Mother Nature has a way of playing mind games with a lot of folks, especially farmers.
If you know a farmer, you know how they're hooked on weather reports. If the Weather Channel is available, you can bet it's marked as a favorite on their remote control.
If they have Internet access on their cell phones, the radar is up more often than not.
The weather plays a major role in their lives. Bad weather hurts profits.
You can imagine how some are feeling today thanks to the Flood of 2008.
It's amazing how one farmer can be hurt, while another just miles away is better off.
Such is the case with Bill White and Kenny Hostetter.
White, who lives along State Road 157 north of the Lighthouse Junction, has 85 percent of his family's farmland that's under water.
Kenny Hostetter, who farms 3,500 acres with his family between Lyons and Marco (with a lot of it near the river bottoms), doesn't anticipate having to replant much.
"Everything that we've planted, some of it we've replanted ... it looks like we'll have to replant again," White said.
The Whites farm 2,500 acres, and most of it is in corn.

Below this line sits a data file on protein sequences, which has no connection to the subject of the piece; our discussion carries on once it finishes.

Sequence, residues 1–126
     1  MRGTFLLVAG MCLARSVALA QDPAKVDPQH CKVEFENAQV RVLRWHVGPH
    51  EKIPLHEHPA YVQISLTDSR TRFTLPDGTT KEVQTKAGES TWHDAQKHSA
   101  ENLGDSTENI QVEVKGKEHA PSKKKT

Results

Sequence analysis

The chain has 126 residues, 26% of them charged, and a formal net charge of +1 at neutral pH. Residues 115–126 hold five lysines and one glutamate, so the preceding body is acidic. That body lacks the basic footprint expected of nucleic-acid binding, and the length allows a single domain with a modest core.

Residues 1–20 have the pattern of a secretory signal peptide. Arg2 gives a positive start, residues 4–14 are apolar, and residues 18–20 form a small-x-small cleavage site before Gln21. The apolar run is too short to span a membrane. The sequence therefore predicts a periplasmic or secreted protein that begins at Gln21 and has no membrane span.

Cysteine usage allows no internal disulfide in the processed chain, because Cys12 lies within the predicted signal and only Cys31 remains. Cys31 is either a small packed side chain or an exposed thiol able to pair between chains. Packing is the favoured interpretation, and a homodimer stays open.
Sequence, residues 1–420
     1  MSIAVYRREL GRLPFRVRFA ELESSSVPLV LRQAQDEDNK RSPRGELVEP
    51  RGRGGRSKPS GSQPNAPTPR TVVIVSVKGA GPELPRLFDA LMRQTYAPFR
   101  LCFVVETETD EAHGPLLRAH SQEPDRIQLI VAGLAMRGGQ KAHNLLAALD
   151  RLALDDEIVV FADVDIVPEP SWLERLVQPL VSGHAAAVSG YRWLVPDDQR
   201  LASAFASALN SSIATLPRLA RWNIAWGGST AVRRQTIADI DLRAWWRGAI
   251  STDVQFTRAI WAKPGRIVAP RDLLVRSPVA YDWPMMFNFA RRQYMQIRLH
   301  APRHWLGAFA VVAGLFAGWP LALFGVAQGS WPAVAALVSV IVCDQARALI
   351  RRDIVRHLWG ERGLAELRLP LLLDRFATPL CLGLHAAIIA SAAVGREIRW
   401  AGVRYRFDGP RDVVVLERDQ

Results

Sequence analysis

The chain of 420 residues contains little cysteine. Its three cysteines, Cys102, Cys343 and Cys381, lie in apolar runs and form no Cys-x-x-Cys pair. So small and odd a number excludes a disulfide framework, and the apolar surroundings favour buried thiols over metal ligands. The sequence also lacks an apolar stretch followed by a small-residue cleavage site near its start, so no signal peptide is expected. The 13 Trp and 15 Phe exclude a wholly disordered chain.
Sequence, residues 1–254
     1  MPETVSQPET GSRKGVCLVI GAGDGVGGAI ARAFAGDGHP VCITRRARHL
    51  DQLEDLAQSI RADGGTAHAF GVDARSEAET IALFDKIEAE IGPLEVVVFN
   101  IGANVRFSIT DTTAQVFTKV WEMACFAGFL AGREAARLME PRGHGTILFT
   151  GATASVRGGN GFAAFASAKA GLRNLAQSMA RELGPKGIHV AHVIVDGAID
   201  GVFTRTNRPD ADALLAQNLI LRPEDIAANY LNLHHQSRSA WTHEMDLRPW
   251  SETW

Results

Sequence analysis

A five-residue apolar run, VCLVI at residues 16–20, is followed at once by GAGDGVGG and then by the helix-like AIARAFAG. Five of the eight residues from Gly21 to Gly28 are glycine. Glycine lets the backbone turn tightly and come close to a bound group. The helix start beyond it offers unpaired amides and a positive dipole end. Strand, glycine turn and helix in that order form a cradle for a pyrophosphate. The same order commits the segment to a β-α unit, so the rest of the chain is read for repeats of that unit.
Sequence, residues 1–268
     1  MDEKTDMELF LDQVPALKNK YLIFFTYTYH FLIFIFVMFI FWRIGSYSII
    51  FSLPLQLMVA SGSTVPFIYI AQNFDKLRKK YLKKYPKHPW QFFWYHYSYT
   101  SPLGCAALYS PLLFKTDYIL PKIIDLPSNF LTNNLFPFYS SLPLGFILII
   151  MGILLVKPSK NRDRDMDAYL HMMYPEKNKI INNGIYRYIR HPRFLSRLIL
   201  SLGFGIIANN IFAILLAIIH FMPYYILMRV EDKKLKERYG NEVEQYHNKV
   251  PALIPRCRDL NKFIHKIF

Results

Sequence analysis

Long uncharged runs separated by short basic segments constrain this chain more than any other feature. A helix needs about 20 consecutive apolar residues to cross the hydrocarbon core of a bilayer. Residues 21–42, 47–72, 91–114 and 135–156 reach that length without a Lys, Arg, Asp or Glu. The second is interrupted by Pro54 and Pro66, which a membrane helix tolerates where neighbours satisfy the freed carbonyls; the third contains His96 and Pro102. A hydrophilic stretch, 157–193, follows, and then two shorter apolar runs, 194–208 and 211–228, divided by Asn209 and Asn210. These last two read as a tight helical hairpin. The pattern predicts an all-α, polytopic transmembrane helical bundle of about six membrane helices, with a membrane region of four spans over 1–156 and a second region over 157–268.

A lot of the land is between the Lighthouse Junction and Worthington.
"We've got some west of Newberry, every bit of that is under water," White said. "We farm some for (someone) near Prairie Chapel ... some of that is high enough we're not hurting.
"But we've lost a big chunk of (the entire 2,500 acres) ... a big block of it."
Hostetter has been able to inspect most of his land, and he feels fortunate.
"We're actually in better shape than most," Hostetter said. "I've got 130 acres east of Lyons I'll have to replant.
"I had a lot of the bottom ground close to the levee that hadn't been planted anyway. ... (Overall) it's hard to tell right now."
Hostetter and many other residents in the Lyons, Marco and Sandborn area are thankful for all the hard work to save the McGinnis Levee. If it hadn't held, Hostetter wouldn't have been so fortunate.
"If it had busted on the north side, south of Lyons, it would have been bad. That's why we worked on it so hard to try and save everything from there to Sandborn," Hostetter explained.
Hostetter said the volunteer effort to save the levee was incredible.
"It was great. It was unbelievable," he said. "I wished some people had been out there to tell their stories. Everybody who was out there did a great job."
White hopes his family can get back in the fields within 10 to 14 days, but -- you guessed it -- it depends on the weather.
"They're predicting rain at the end of the week (Friday night)," White said. "If we didn't get that, we're looking at seven to 10 days, maybe 14 days.
"So it's kind of a wait-and-see game."
White can remember replanting as late as July 8, but that was with soybeans.
"We're probably going to shut it down around the 4th (of July)," White noted. "It just gets to a point out there, there's simply no use to keep fighting it. Admit that you're whipped and go on."
And watch the weather.
"I've been farming all my life. It's just part of it I guess," White said.